violation of "degree."  He is, after all, descended from "men of royal
siege," and so outranks Brabantio socially as much as he outranks Iago
militarily.  Iago turns to racial difference as a way to lower Othello's
rank, but the only racists in the play are the people, specifically
Roderigo and Brabantio, who are directly under Iago's influence.
Othello has, I think, poor judgment in marrying Desdemona, but only in
the sense that both he and Desdemona have acted surreptitiously, without
the father's consent.

Al Cacicedo

[3]-------------------------------------------------------------
From:           Don Bloom <
 This e-mail address is being protected from spambots. You need JavaScript enabled to view it
 >
Date:           Monday, 14 Jan 2002 10:46:08 -0600
Subject: 13.0059 Re: Ancient Iago
Comment:        Re: SHK 13.0059 Re: Ancient Iago

Vis a vis Iago and rank:

I may be quite wrong about this, but I've never had any problem here.
All the notes indicated that ancient/ensign was outranked by lieutenant,
and that Iago was jealous because the younger Cassio got the higher
position.  Nor did I have a problem with Othello's making the choice.
Cassio is clearly a gentleman in ways that Iago is not. This should make
him better fit for higher command. In Shakespeare's day one would assume
that a man born to higher station would be better suited to military
command.

(Of course, some were not -- with disastrous results.)

Iago has always struck me as having -- his insanity aside -- a classic
senior non-com mentality. Moreover, his dissatisfaction with his rank
was further evidence of that insanity. Normally, non-coms do not want to
be officers, nor thought of as gentlemen with all those expectations.
They want considerable power and respect within a limited combat or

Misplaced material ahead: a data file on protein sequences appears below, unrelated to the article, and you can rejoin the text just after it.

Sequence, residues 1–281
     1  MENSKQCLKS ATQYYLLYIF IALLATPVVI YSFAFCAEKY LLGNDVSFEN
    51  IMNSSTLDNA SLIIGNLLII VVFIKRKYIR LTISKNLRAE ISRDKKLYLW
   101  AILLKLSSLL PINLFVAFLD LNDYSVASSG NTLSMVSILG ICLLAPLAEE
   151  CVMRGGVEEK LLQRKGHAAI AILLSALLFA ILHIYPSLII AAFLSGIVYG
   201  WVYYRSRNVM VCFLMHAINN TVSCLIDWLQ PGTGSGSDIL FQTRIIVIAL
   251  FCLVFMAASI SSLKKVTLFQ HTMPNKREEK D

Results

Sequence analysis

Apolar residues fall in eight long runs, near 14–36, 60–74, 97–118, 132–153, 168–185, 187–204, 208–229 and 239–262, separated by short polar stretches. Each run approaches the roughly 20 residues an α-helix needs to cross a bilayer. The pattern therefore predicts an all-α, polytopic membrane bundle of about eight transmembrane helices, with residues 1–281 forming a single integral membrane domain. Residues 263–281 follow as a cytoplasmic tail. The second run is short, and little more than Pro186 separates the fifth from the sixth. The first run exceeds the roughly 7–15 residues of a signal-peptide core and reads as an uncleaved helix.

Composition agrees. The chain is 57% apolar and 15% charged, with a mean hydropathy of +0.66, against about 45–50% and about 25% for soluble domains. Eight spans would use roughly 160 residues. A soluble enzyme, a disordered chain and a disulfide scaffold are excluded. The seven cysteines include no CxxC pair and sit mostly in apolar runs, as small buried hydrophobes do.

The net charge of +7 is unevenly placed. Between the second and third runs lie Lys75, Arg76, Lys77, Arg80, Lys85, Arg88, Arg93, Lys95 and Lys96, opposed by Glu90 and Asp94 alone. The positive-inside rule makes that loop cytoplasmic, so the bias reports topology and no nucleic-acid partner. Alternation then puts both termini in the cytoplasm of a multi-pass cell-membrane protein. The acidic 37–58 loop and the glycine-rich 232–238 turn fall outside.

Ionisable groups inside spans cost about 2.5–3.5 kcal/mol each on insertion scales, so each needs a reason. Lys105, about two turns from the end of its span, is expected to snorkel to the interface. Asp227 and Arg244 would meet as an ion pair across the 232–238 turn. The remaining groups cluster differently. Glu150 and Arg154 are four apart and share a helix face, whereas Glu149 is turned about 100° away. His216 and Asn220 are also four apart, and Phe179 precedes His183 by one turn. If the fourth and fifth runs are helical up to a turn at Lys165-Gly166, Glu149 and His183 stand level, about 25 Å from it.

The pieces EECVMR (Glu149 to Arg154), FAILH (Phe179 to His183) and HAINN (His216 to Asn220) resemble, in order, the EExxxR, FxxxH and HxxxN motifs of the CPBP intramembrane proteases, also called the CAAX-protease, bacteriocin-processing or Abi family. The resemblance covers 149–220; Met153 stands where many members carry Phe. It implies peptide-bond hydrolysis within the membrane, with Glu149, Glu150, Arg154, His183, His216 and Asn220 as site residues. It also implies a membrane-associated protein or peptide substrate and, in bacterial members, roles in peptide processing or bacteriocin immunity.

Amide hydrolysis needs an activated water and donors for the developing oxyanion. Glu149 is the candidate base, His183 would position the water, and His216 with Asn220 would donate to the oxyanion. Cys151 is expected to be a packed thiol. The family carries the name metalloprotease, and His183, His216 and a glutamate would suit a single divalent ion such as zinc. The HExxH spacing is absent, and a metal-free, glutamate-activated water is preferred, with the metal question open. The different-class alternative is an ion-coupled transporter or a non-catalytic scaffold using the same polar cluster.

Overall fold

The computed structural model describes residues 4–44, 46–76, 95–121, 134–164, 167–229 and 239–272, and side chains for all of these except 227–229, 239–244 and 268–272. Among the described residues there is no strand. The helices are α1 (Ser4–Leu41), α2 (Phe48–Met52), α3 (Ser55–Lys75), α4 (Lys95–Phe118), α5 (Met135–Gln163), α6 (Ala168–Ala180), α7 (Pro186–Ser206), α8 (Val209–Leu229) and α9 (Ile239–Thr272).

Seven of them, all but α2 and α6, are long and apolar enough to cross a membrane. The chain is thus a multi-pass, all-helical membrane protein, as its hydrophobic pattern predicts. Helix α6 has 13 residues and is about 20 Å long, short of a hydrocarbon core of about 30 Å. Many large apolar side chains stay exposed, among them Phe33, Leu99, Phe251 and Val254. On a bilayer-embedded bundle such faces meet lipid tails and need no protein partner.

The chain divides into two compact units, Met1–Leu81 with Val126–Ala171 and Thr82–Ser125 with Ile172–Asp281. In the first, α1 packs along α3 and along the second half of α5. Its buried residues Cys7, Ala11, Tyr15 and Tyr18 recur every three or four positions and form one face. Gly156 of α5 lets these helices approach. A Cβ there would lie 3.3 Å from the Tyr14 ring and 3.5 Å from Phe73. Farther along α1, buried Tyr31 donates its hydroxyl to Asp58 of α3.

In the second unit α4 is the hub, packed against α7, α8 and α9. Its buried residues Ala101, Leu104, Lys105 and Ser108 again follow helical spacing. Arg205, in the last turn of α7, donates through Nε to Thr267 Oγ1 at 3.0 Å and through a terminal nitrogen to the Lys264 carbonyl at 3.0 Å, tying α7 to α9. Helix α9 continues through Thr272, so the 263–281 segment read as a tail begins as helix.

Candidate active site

administrative group, but the social expectations of officers fill them
with horror.

Othello's trust in Iago has to me always seemed reflective of that role
and rank. The general trusts the honest sergeant most because he is not
an officer and thus shouldn't be afflicted with jealousy and ambition.
That is, Othello might have worried that Iago would be jealous if the
position of ensign had gone to some other soldier, but since Iago has
gotten the highest position to which he could aspire he must be free of
jealousy and ambition.

I may be as much of a cockeyed optimist as Ensign Forbush, but this has
never bothered me -- nor, for that matter, has Othello's jealousy, that
depends so much on his trust of the honest soldier. It's always made
perfect, if horrible, sense.

Cheers,
don

P.S. Thanks to those who explained that the subtitles on *Dad's Army*
were what we Yanks call "closed captions for the hearing impaired." Made
immediate sense and rendered all that accent speculation superfluous.
Wasn't it Shaw who said the British and the Americans were two peoples
separated by a common language?

[4]-------------------------------------------------------------
From:           Sean Lawrence <
 This e-mail address is being protected from spambots. You need JavaScript enabled to view it
 >
Date:           Monday, 14 Jan 2002 18:52:04 -0800
Subject: 13.0059 Re: Ancient Iago
Comment:        Re: SHK 13.0059 Re: Ancient Iago

Louis Swilley asks,

>[While we are on this subject of Iago, would someone tell us what it
>means in the play that Othello should turn from an experienced warrior -
>I presume Iago is that - and choose the inexperienced "mathematician"
>Cassio - and I presume that Cassio is less experienced than Iago - for
>his second in command?  I sense that Othello's poor choice here is, in
>the structure of ideas in the play, associated  with his ill-fated
>choice of Desdemona, but I don't know what to make of either choice as
>part of  or related to Othello's flaw.

It's not necessarily a poor choice.  As an old warrior himself, Othello
doesn't need a clone as second-in-command.  What he does need is someone
who can handle the new mathematical demands of military engineering and
logistics.  West Point and (Canada's) Royal Military College remain
basically engineering schools, to this day.

Cheers,
Se

 

©2011 Hardy Cook. All rights reserved.